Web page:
PHNOM PENH, CAMBODIA (5 December 2019) — The Asian Development Bank (ADB) has approved a $119.16 million financing package to help modernize and improve the climate and disaster resilience of irrigation systems in four provinces in Cambodia, which will help supply water to 43,500 hectares (ha) of farm land benefiting 290,000 people, half of whom women.
The irrigation systems covered by ADB’s assistance, which is comprised of a $117 million loan and a $2.16 million grant from the Asian Development Fund, are Kamping Pouy in Battambang province, Prek Po in Kampong Cham province, Stung Chinit South in Kampong Thom province, and Canal 15 in Takeo province. This will help improve the provinces’ agricultural productivity and contribute to the reduction of rural poverty across the country.
“Agriculture plays a central role in the economic and social life of people in Cambodia, especially those living in rural areas. Boosting agricultural productivity by focusing on the improvement of sector infrastructure such as irrigation systems, which the ADB initiative will focus on, will go a long way to empower people and lift them out of poverty,” said ADB Senior Urban Development Specialist for Southeast Asia Ms. Thuy Trang Dang.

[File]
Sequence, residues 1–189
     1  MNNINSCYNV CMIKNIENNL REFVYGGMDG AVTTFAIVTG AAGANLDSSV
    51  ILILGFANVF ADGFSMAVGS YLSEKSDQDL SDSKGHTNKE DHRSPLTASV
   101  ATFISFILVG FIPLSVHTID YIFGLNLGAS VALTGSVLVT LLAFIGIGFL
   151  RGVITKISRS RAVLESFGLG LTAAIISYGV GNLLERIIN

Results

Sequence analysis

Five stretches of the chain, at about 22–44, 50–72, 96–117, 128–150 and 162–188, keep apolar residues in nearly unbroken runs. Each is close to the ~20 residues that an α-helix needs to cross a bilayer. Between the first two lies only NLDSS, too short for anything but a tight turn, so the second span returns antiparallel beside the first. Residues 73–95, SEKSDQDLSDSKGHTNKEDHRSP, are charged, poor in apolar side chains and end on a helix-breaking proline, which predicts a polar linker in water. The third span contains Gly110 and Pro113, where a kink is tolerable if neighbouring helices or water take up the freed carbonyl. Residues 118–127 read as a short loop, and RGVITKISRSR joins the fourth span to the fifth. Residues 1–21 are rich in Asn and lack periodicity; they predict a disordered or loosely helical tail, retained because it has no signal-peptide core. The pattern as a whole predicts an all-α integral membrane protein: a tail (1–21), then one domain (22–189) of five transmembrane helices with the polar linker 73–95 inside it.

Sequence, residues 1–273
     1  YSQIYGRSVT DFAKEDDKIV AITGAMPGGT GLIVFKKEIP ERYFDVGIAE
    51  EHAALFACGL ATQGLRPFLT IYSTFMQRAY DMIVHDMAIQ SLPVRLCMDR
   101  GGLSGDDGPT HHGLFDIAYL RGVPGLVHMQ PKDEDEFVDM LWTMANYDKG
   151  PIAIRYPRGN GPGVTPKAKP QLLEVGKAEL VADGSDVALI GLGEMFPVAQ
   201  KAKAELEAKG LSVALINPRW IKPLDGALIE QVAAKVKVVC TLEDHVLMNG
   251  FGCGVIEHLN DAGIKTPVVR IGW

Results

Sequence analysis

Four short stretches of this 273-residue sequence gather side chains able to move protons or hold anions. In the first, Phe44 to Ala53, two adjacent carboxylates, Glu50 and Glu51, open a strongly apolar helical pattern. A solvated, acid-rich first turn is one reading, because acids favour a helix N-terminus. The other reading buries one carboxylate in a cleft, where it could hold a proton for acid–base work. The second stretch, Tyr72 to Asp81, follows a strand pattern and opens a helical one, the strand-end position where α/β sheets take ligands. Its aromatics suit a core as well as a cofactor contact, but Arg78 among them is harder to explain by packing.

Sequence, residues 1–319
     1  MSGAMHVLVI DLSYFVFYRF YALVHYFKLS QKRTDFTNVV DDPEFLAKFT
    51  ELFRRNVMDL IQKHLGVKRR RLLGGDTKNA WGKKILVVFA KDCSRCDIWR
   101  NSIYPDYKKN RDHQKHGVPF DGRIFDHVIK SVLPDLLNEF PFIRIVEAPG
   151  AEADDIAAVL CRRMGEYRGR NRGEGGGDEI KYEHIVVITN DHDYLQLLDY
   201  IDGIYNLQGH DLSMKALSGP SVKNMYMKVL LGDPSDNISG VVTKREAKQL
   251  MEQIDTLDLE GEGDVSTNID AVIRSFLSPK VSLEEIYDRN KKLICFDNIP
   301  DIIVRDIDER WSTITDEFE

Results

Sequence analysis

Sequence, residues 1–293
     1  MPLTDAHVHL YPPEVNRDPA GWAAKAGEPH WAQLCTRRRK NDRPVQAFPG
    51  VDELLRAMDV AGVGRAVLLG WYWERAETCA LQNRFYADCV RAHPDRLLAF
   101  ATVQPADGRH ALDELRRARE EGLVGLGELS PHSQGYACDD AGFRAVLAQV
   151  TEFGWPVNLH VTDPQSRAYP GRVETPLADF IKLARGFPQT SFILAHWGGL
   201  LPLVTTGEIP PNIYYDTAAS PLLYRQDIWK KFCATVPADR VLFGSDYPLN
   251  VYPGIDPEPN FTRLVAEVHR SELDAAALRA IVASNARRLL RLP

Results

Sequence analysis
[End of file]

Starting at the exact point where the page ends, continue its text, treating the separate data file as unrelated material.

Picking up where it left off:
Agriculture is a major growth driver in the Cambodian economy, contributing 22% of the country’s gross domestic product in 2018. However, the sector, which has served as a backbone of rural livelihoods, remains underperforming, with agricultural infrastructure outdated or inadequate. For instance, only about 1.3 million ha of the almost 4 million ha of agriculture land are covered by the country’s irrigation systems. Around 90% of these irrigation systems, meanwhile, are considered underperforming or outdated due to improper design and capacity issues.
The Irrigated Agriculture Improvement Project will modernize and climate-proof irrigation systems by remodeling reservoir embankments, pumping stations, drains, and main and secondary canals, as well as improve farming practices and promote crop diversification through training in at least 200 demonstration plots. It will also pilot an irrigation asset management system to ensure the sustainability of the improved irrigation systems, while strengthening an existing farmer water user community and forming three additional ones with the strong participation of women.
The project, which will also benefit from a $1.6 million grant from the High-Level Technology Fund financed by the Government of Japan and administered by ADB, will improve water resources management in the four provinces, for instance, through the establishment of a water resources management data center to improve the way data on water is collected, shared, and used for better water resources planning, management, and investment.
ADB is committed to achieving a prosperous, inclusive, resilient, and sustainable Asia and the Pacific, while sustaining its efforts to eradicate extreme poverty. In 2018, it made commitments of new loans and grants amounting to $21.6 billion. Established in 1966, it is owned by 68 members—49 from the region.
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